Flu Shots Urged for Katrina Evacuees, Elderly
WASHINGTON — Hurricane evacuees living in crowded shelters and people at high risk of influenza complications should get priority for flu vaccines over the next six weeks, U.S. health officials said on Wednesday.
“We know those shelters could be a place where respiratory illnesses can easily spread, and if there is any population that deserves first access to the vaccine, it’s the people who have already gone through so much difficulty,” Centers for Disease Control and Prevention Director Julie Gerberding said at a news conference.
Along with Katrina evacuees in shelters, officials are concerned about people age 65 and older or with weak immune systems, children aged six months to 23 months and pregnant women – the groups most likely to become seriously ill or die from the flu.
Government health officials and leaders of medical organizations united in calling on doctors to give flu shots only to those groups, as well as to health-care workers or others who come in contact with them, until October 24.
“We’re asking those who provide influenza to give the first available doses to people in our priority groups … Getting an influenza vaccine is the best way to protect yourself and your patients against this disease,” Gerberding said.
French company Sanofi-Aventis has donated 200,000 doses of flu shots for hurricane victims. The doses are on their way to health departments in areas that are housing hurricane evacuees, Gerberding said.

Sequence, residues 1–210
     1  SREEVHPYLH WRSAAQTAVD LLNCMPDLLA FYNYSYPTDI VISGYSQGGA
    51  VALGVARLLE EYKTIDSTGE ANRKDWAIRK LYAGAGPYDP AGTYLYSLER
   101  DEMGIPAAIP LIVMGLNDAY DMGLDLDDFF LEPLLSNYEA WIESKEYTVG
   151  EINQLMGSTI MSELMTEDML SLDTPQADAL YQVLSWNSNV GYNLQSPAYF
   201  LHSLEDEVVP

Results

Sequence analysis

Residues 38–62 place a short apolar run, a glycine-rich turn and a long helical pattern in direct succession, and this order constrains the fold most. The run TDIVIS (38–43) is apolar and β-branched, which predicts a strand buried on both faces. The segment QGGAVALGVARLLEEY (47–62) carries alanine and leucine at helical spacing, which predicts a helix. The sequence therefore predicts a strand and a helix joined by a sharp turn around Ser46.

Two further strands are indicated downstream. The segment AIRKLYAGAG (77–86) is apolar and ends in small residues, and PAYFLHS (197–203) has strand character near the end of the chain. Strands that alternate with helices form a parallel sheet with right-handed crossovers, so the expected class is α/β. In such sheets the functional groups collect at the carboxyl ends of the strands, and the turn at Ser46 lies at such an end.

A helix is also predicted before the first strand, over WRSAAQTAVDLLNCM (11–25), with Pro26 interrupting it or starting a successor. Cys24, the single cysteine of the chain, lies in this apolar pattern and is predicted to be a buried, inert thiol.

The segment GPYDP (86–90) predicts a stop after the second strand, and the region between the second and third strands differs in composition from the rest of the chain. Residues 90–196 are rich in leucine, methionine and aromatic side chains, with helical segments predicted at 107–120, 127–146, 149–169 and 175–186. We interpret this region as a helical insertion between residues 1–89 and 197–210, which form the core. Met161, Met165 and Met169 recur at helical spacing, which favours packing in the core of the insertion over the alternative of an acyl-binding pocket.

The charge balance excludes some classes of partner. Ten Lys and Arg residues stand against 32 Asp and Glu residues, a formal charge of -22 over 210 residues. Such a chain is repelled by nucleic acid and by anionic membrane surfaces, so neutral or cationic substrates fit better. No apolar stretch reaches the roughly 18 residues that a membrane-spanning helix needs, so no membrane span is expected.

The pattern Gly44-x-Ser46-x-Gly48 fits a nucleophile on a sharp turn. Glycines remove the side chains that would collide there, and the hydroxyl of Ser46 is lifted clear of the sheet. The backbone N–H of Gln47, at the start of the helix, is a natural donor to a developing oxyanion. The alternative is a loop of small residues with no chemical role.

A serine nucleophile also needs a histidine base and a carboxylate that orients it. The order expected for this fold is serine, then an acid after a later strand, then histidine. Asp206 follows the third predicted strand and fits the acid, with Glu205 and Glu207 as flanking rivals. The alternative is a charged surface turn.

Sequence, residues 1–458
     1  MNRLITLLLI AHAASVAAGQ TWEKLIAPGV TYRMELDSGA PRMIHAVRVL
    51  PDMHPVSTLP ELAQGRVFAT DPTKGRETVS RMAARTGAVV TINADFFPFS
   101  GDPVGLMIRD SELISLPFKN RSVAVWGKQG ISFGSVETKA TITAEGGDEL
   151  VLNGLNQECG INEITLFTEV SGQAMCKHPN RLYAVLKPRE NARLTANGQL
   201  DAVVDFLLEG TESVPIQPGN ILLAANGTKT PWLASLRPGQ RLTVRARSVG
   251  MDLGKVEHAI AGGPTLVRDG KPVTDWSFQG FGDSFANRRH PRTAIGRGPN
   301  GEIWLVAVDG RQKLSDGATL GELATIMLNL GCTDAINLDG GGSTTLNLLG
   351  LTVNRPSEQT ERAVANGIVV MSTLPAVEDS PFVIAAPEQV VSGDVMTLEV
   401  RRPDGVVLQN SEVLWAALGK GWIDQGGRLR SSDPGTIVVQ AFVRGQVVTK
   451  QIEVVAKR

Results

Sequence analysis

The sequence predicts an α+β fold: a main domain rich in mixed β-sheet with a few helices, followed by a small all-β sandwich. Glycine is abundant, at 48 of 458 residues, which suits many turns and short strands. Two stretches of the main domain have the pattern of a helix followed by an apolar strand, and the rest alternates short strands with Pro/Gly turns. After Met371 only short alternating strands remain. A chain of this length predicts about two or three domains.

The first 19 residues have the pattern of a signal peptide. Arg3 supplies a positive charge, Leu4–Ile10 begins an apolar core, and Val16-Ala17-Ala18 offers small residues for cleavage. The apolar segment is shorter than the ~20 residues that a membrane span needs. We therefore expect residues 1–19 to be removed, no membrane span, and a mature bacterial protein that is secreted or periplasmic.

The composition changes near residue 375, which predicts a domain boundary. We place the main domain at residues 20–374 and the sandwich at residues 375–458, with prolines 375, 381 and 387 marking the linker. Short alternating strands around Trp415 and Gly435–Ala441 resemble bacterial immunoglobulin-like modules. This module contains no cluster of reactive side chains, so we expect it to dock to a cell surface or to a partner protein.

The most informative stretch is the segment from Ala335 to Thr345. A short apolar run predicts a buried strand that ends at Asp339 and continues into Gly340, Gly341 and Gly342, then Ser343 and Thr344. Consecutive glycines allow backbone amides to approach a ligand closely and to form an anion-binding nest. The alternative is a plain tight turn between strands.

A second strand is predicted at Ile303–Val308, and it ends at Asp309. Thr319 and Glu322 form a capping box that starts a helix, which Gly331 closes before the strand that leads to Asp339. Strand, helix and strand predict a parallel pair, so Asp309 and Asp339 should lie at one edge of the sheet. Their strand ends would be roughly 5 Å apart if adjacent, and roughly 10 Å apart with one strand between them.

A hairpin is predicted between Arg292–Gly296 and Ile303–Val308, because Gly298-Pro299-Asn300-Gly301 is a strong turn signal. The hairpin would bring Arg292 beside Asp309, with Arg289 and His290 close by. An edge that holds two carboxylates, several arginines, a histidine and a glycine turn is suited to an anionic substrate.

Others who want the vaccine can get it after October 24, officials said, as long as the supply lasts.
The CDC estimates 180 million Americans should get a flu shot every year but fewer than half that number do.
Last year, vaccine maker Chiron Corp. lost its manufacturing license because of contamination at a British plant, and half the anticipated U.S. supply was lost. Long lines formed to get vaccine and health officials scrambled to get about 60 million doses from other suppliers.
U.S. officials expect between 71 million and 97 million doses to be available for the upcoming flu season, depending on how much Chiron can provide. Flu season typically starts in December and runs through March.
Three million of the doses will be MedImmune Inc.’s Flumist nasal spray vaccine, which can be given to healthy people ages five to 49 who are not pregnant.
Influenza kills an estimated 36,000 Americans and puts 200,000 in the hospital in an average year. Because the virus constantly changes, the vaccine must be reformulated and made fresh every year in a process that takes months.